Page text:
What It Really Means To Surrender Property In Chapter 7 Bankruptcy

What It Really Means To Surrender Property In Chapter 7 Bankruptcy

By |January 27th, 2014|

Telling the bankruptcy court that you’re surrendering property in a Chapter 7 bankruptcy doesn’t mean it’s not yours anymore.

When you file for Chapter 7 bankruptcy, you complete a document titled “Statement of Intention.” That document outlines for the court what you intend to do with the property that’s secured by debts.

Think mortgages and car loans.

You can indicate that you’re going to keep the property and pay the debt, keep the property and pay off the debt through the bankruptcy court, or surrender the property altogether.

The choice is yours. But just because you say something, doesn’t mean it’s set in stone.

Rather, this is a statement of your intention – what you want to do with the debt and the property. It doesn’t reflect what the lender can or will do.

You Still Own The Property Until It’s Transferred

In the case of a house, your statement that you’re giving it up in the bankruptcy means nothing more than you don’t want the house anymore.

It doesn’t mean that you have actually given it up.

To give up legal title to property, the lender needs to accept ownership.


Transfer Of Ownership Requires Legal Action

Though you’ve offered up the property to the lender as part of your bankruptcy, there’s still a legal process involved in taking it back.

In the case of real estate, the lender will usually continue with a foreclosure proceeding. Depending where you are, that could take some time to complete.

You’re free to offer up the property to the lender through a deed in lieu of foreclosure, short sale or other mechanism but it’s not necessary.


In fact, just leaving the lender up to its own devices will often give you more time to pack up the house and find a new place to live.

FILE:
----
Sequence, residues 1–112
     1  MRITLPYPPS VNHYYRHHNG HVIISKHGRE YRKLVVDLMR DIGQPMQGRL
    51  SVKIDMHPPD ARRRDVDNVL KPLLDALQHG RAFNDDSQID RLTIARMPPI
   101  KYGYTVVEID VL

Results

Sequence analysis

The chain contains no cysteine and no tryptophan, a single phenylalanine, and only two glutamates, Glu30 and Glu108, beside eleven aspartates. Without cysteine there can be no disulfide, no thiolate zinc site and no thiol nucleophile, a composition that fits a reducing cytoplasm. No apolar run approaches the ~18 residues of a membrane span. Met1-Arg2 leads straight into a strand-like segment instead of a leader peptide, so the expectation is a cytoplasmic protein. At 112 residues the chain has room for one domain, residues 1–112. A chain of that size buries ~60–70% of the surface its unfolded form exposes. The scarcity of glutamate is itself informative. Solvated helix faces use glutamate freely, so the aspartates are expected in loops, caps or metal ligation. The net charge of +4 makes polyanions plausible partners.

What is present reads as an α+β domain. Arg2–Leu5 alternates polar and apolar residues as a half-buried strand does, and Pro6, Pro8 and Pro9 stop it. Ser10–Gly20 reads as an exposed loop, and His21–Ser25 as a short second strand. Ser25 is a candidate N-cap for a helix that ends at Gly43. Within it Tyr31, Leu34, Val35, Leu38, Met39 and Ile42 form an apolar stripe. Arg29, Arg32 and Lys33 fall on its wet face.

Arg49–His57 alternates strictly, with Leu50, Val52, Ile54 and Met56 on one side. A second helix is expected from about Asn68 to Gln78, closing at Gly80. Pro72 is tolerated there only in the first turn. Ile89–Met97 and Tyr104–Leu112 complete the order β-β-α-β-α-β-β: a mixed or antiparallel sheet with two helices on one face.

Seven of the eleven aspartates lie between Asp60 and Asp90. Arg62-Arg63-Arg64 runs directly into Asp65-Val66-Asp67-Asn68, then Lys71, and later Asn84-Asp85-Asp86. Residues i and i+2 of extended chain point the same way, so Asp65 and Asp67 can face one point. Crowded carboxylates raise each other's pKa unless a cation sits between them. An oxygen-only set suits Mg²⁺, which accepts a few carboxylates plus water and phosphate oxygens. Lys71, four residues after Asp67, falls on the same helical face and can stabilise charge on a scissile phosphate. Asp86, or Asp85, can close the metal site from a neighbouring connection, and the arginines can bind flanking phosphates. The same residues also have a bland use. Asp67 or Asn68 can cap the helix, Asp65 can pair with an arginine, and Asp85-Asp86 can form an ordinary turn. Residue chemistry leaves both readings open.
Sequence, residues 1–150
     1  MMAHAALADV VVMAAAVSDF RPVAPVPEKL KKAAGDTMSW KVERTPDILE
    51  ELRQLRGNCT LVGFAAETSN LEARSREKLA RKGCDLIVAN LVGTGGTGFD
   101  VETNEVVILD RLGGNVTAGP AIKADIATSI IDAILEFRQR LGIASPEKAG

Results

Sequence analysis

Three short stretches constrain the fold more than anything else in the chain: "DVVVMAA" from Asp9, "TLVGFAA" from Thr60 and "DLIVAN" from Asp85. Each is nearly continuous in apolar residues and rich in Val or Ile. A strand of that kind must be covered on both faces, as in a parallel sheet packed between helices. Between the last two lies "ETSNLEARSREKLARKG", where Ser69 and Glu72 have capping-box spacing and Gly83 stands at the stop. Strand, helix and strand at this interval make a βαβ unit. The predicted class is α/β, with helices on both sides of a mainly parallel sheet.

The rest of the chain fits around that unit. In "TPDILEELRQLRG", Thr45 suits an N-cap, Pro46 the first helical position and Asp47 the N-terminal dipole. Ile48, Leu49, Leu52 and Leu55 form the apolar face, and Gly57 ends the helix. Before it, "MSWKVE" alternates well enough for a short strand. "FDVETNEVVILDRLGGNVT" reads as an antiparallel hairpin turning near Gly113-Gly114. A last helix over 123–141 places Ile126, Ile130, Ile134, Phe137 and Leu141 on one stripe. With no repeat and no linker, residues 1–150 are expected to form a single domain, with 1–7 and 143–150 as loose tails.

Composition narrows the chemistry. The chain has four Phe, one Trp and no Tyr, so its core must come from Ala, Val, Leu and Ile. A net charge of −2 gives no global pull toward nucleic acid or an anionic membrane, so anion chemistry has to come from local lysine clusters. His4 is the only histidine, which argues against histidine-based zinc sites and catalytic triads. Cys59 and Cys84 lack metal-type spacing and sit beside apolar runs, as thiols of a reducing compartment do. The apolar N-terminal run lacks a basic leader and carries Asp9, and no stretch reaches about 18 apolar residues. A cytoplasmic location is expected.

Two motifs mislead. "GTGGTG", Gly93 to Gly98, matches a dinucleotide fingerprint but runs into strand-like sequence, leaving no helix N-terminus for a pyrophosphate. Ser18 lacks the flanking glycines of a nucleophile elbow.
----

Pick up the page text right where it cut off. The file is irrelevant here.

Your Financial Responsibilities To The Lender

Until the lender takes back the property, you don’t need to keep making payments.

Once the lender picks up the property or forecloses, you don’t need to make payments.

So long as you didn’t reaffirm the debt and the discharge comes through, you’re all set.

Your Other Financial Responsibilities

If there’s a homeowner’s association, you’ll need to pay your new HOA dues until such time as the property is legally transferred to the lender. The HOA fees that accrued up to the date of filing bankruptcy will be discharged in your bankruptcy case, but those that accrue once the case is filed are not going to be wiped out.

You’ll also need to pay your homeowner’s insurance and property taxes (unless the lender is paying them).

With respect to vehicles, remember state laws about keeping insurance in place.


Talk With Your Lawyer

Filing for bankruptcy involves keeping lots of balls in the air, and issues can get confusing.

Talking with your lawyer as the process unfolds will help you keep things clear, making the most of your bankruptcy.

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About the Author:

I've been a consumer protection lawyer since 1995, working to help people end their bill problems. I'm a faculty member at the Student Loan Law Workshop, a nationally recognized speaker, and a long-time member of both the National Association of Consumer Bankruptcy Attorneys and National Association of Consumer Advocates.